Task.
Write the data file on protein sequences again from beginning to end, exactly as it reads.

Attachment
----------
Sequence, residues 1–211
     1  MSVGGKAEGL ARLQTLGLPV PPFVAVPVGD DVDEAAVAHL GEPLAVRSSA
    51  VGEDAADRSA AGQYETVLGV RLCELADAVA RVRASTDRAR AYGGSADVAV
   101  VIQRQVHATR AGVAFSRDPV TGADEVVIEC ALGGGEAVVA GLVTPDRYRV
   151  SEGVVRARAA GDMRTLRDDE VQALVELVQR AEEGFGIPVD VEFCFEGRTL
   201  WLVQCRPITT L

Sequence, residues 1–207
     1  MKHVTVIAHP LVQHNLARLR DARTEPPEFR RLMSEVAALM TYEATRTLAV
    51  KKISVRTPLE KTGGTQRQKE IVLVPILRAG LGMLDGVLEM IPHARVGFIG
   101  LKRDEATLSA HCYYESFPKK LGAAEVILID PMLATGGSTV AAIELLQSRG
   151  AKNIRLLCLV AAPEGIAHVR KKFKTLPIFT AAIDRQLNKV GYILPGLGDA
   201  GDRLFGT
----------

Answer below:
Sequence, residues 1–211
     1  MSVGGKAEGL ARLQTLGLPV PPFVAVPVGD DVDEAAVAHL GEPLAVRSSA
    51  VGEDAADRSA AGQYETVLGV RLCELADAVA RVRASTDRAR AYGGSADVAV
   101  VIQRQVHATR AGVAFSRDPV TGADEVVIEC ALGGGEAVVA GLVTPDRYRV
   151  SEGVVRARAA GDMRTLRDDE VQALVELVQR AEEGFGIPVD VEFCFEGRTL
   201  WLVQCRPITT L

Sequence, residues 1–207
     1  MKHVTVIAHP LVQHNLARLR DARTEPPEFR RLMSEVAALM TYEATRTLAV
    51  KKISVRTPLE KTGGTQRQKE IVLVPILRAG LGMLDGVLEM IPHARVGFIG
   101  LKRDEATLSA HCYYESFPKK LGAAEVILID PMLATGGSTV AAIELLQSRG
   151  AKNIRLLCLV AAPEGIAHVR KKFKTLPIFT AAIDRQLNKV GYILPGLGDA
   201  GDRLFGT